Take a few minutes, sit down at your computer, and create for yourself a visual reminder of your personal finance goals. When you have one designed, print out a few copies and put them in places where they’ll remind you of what your real goals are (I really recommend wrapping one around credit cards, for instance). Then, as you make progress towards your goal, take pride in this effort and start filling in that progress bar. As you see it constantly filling up over time, you’ll begin to see the connection between your good choices and your dreams.

Loading Disqus Comments ...
Loading Facebook Comments ...
  1. Daniel says:

    I wholeheartedly. My wife and I just had our first child on 7/1/07. It has brought an overwhelming feeling of responsibiliy into my life that I didn’t know before.

    My feeling is that man is fundamentally a selfish being. This is clearly reflected in people’s spending habits. People make purchases for 1 of 2 reasons; either they want something for themselves or they’re buying for another person. When you take upon yourself the commitment of family & children, you also agree to put aside all selfish ambitions. To me the ultimate visual debt reminder is my family. I would feel horrible if my finacial irresponsibility ever made them uncomfortable in life.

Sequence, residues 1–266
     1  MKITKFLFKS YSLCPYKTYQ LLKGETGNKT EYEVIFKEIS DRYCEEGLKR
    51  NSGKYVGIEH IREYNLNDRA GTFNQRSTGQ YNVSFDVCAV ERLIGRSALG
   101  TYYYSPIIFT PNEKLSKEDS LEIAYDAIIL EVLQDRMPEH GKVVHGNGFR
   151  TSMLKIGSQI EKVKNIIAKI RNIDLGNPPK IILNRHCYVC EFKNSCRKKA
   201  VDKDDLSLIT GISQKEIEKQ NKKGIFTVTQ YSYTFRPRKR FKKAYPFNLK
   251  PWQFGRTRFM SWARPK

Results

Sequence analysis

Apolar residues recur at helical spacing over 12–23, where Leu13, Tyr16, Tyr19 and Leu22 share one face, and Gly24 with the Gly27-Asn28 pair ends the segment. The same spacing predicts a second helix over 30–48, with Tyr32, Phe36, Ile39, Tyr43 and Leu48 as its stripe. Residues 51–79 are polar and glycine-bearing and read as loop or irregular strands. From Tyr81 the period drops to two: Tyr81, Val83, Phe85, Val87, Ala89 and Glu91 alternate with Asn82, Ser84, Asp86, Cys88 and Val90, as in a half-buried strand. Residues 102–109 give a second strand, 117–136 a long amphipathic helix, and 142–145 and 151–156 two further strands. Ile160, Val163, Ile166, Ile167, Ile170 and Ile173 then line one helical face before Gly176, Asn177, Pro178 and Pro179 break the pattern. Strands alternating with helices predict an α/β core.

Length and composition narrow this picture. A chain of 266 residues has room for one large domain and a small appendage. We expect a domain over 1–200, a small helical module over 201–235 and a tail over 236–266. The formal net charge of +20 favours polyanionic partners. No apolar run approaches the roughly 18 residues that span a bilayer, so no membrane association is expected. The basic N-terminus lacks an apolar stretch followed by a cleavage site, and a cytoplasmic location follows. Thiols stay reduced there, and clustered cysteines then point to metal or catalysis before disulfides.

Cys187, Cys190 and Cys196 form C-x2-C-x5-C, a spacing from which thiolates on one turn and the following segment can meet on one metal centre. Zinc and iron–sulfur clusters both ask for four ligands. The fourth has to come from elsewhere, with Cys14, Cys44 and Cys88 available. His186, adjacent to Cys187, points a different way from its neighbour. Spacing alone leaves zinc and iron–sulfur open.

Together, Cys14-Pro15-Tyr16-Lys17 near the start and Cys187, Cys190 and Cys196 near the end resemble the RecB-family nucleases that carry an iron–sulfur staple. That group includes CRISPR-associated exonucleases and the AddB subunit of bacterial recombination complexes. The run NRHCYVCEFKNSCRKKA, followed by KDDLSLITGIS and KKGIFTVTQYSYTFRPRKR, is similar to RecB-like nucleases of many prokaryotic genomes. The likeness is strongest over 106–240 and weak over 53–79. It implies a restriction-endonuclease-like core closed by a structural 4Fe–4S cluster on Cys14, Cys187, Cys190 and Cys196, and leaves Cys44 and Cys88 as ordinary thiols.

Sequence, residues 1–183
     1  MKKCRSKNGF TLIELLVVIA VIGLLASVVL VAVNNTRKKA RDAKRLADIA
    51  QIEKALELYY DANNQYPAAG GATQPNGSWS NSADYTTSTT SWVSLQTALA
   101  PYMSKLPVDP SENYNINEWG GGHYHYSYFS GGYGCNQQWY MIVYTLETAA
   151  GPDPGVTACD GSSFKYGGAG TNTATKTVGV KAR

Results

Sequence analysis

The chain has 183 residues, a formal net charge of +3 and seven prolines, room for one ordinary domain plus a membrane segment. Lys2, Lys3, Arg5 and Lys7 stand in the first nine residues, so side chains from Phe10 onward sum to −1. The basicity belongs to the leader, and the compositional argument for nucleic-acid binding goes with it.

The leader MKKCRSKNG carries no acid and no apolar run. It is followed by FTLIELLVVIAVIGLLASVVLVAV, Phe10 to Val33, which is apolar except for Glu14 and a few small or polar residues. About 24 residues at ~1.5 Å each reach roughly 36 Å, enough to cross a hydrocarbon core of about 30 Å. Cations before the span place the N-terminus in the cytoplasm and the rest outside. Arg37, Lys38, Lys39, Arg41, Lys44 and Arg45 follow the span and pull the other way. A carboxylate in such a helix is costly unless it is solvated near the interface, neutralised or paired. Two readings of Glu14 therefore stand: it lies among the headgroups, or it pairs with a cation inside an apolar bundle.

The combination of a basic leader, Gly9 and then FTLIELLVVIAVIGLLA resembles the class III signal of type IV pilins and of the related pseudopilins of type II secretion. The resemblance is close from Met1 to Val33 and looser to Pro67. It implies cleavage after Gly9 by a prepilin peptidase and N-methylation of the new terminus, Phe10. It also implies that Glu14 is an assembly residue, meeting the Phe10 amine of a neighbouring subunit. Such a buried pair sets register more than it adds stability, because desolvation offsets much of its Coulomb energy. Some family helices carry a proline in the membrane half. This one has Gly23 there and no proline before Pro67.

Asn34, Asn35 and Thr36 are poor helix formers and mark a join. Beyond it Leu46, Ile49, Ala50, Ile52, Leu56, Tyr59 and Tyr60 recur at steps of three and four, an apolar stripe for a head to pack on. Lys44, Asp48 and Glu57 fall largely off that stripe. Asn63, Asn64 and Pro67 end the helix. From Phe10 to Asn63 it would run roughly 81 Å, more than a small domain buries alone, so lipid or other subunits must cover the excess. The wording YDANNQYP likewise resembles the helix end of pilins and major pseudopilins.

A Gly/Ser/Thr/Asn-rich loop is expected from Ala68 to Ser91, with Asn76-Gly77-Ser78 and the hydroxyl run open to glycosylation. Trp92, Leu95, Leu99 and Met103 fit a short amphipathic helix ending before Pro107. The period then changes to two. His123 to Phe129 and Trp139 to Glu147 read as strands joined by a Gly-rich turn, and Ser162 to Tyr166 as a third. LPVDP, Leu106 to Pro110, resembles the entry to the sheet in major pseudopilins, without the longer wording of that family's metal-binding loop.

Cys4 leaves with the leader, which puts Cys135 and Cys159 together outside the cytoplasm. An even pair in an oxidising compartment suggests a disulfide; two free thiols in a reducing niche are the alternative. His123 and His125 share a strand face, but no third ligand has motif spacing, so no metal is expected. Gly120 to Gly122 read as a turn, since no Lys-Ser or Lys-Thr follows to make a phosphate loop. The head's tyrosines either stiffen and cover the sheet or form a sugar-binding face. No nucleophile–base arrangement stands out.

2. mgroves says:

    You know, some sort of dashboard software for this would be incredibly useful. It could keep track of all your debts, principle & interest, as well as a semi-current estimation of one’s credit score…

  3. Andrea says:

    Just last week I made myself a chart in Excel with a progress bar for every time I make any debt payments. Even before I made any payments, it was interesting to put in some imaginary numbers just to see what an impact it could have.